Tuesday, February 1, 2011

Carcass-cam 2: new customer at the roadkill cafe

Coyote scavenging a roadkill button buck.

A coyote found the button buck carcass last night. Our camera trap collected hundreds of images. The coyote ate several pounds of meat based on images and the large opening at the rear of the button buck.

Scavenging is an important ecological function and essential survival foraging involving many species,  especially during late winter and early spring. Today, our Ohio landscape is frozen under an icy crust sealing several inches of snow accumulation. Rodents, a staple for coyotes and many other predators, are somewhat protected within their runway tunnels under the snow. Successful scavenging is essential now.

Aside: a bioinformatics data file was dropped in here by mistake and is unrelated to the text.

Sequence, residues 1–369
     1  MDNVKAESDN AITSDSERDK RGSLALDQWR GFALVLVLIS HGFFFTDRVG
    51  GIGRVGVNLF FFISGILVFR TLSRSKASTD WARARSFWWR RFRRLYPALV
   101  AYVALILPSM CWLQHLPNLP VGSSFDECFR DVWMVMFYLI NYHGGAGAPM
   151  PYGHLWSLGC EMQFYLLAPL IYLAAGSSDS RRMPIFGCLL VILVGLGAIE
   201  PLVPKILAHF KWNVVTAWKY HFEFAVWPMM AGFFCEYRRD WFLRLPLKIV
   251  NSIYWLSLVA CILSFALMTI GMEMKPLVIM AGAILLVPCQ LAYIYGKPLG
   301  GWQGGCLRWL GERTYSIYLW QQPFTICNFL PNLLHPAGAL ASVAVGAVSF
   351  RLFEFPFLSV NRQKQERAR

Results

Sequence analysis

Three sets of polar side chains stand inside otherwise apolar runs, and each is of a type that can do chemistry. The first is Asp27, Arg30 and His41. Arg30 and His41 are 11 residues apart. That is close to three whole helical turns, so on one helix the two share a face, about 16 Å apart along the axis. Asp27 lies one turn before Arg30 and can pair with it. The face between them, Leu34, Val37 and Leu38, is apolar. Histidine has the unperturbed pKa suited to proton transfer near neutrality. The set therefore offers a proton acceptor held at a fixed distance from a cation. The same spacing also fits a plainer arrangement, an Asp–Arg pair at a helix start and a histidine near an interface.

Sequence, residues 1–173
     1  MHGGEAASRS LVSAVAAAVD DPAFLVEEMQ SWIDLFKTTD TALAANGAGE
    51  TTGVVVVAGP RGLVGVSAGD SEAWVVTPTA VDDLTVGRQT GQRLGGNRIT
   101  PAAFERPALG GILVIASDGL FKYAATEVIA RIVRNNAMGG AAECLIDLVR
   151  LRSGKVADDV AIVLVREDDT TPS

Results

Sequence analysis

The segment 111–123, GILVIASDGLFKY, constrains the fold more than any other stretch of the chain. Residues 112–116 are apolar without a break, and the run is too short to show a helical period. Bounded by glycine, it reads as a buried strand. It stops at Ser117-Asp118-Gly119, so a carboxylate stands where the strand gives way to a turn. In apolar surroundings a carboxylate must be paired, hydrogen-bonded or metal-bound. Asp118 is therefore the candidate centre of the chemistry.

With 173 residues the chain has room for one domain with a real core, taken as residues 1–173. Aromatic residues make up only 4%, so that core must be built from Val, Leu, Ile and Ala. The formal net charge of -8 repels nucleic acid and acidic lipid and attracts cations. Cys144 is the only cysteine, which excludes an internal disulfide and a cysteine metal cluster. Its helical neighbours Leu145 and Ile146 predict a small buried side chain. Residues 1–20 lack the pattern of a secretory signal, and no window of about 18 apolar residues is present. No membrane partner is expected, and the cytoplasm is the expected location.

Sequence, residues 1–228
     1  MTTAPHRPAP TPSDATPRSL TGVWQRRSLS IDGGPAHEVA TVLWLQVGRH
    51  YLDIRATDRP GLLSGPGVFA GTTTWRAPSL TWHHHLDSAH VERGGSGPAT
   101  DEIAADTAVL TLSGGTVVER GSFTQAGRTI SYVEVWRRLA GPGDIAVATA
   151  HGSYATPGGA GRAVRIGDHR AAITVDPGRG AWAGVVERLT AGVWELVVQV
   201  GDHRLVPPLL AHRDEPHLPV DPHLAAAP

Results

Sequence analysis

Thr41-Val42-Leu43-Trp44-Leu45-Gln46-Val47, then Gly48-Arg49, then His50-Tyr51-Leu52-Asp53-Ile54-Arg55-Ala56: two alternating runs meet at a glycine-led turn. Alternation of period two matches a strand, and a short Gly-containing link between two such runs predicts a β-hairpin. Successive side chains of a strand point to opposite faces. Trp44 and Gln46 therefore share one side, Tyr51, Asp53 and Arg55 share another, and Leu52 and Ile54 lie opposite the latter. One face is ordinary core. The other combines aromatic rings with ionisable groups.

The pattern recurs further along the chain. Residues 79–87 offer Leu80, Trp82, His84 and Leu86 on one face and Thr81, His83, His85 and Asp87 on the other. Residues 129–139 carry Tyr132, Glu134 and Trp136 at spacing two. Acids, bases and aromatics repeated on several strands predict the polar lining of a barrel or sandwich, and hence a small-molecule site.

Native west of the Mississippi River; today, coyotes are common nocturnal omnivores throughout central Ohio, the Midwest, and beyond. They spread eastward, slowly, following deforestation. They are surprisingly common in suburban and urban settings where pet food, small pets (particularly outdoor cats), vulnerable old dogs up to the size of a golden retriever, poorly contained garbage, wild mice, Canada Geese, cottontail rabbits, and roadkill anything sustain them year round. But they are mostly nocturnal, secretive, and elusive, noticed by few people.

When Fluffy the cat goes missing for more than a day, it probably won't be coming home again. Those fliers with cute cat pictures stapled to utility poles and taped to store fronts are pictures of cats eaten by coyotes. Keep cats indoors--coyotes are out there!

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